Our plan to prod North Korea toward demilitarization and serious economic reform and to provide the resources to give reform a real chance offers no guarantee of success. But it also has few downsides. Failure would leave us no worse off than we are today. In fact, it would probably improve our hand in convincing South Korea, Japan, and China to adopt a tougher policy toward North Korea as needed. Success would admittedly help a totalitarian regime stay in power. But the alternatives—further economic collapse attended by misery and starvation, war, or the sale of nuclear weapons if the nation finds itself on the verge of collapse—are worse. And under our plan, the regime would be radically transformed even if it clung to power.

Authors

M

Mike Mochizuki

Associate Professor of Political Science and International Affairs, Elliott School of International Affairs - The George Washington University

The Rise and Fall of the North Korean Economy

When the Korean peninsula was divided after World War II and set free from Japanese colonization, North Korea had a relatively strong economy. It boasted three-fourths of the peninsula’s mining production, at least 90 percent of its electricity generation capacity, and 80 percent of its heavy industry. The South, with a better climate, was largely an agricultural region. North Korea quickly nationalized major industries and drove up production. Its economic success probably contributed to President Kim Il Sung’s confidence that he would win a war against the South, which he unleashed in 1950.

North Korea continued to outperform South Korea immediately after the war. But the seeds of its eventual economic deterioration were soon sown. It collectivized agriculture in 1953 and increasingly invested in heavy industry, much of it defense related, while turning inward and autarkic. Kim Il Sung’s juche concept of self-reliance kept North Korea isolated from the outside world and deprived it of foreign trade.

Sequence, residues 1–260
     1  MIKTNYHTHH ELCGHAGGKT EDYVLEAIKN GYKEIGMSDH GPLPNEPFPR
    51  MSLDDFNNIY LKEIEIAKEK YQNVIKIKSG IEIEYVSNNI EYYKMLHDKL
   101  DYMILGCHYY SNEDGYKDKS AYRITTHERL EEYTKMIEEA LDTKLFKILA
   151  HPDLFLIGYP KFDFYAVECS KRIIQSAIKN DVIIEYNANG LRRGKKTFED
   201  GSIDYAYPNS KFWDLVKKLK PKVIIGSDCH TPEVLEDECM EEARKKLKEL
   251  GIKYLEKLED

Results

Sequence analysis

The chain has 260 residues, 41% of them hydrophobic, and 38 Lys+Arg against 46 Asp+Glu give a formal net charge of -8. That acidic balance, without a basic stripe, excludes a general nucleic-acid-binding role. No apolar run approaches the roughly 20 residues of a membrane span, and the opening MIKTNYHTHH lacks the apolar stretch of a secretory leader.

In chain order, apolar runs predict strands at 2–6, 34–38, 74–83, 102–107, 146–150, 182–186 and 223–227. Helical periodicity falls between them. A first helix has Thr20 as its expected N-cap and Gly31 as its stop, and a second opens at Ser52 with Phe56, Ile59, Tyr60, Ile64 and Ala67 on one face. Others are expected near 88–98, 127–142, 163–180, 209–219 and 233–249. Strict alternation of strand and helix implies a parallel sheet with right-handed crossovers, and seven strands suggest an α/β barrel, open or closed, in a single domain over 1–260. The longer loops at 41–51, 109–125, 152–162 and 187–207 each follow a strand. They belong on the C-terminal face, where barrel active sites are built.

By the late 1960s, North Korea was devoting 15–20 percent of its GDP to the military, and its economic growth gradually slowed. During the early 1970s Pyongyang tried to boost output by borrowing capital on international markets and purchasing whole factories from abroad. But oil price shocks and global stagflation thwarted that strategy. Matters thereafter went from bad to worse. The nation came to depend more and more on economic relations with the Soviet bloc, importing arms and exporting minerals, textiles, steel, and other goods. It also increased its own arms exports, largely to Iran. When the Soviet Union dissolved, North Korea lost access to most of its markets and also to subsidized Soviet oil. China provided coal and oil on favorable terms to stanch the flow of North Korean economic refugees across its borders, but even so, by the end of the decade North Korean energy resources were about half what they had been in 1990.

In the past 13 years, North Korea has suffered continuous economic contraction. GDP and per capita income have been cut roughly in half. Alternating periods of drought and flooding, together with a broken political system, have exacerbated agricultural problems. Famine has killed hundreds of thousands of North Koreans despite food aid from abroad.

Attempts at Reform

For the better part of 20 years, North Korea, like China, has shown an interest in finding a “third way” between communism and capitalism. But unlike China, it has not shown a serious commitment to reform and has achieved little success.

As its economy has worsened, North Korea has grown ever more dependent on extortion, drug trafficking, counterfeiting, whatever arms exports it can still find markets for, and cash remittances from overseas North Koreans. Its foreign trade is roughly half what it was in the 1980s. About half of all imports come from China, much of the rest from Japan and South Korea. Likewise, exports go principally to Japan, South Korea, and China. North Korea also still receives aid—mostly food and energy—averaging up to $1 billion a year from China, South Korea, Japan, the United States, and the European Union.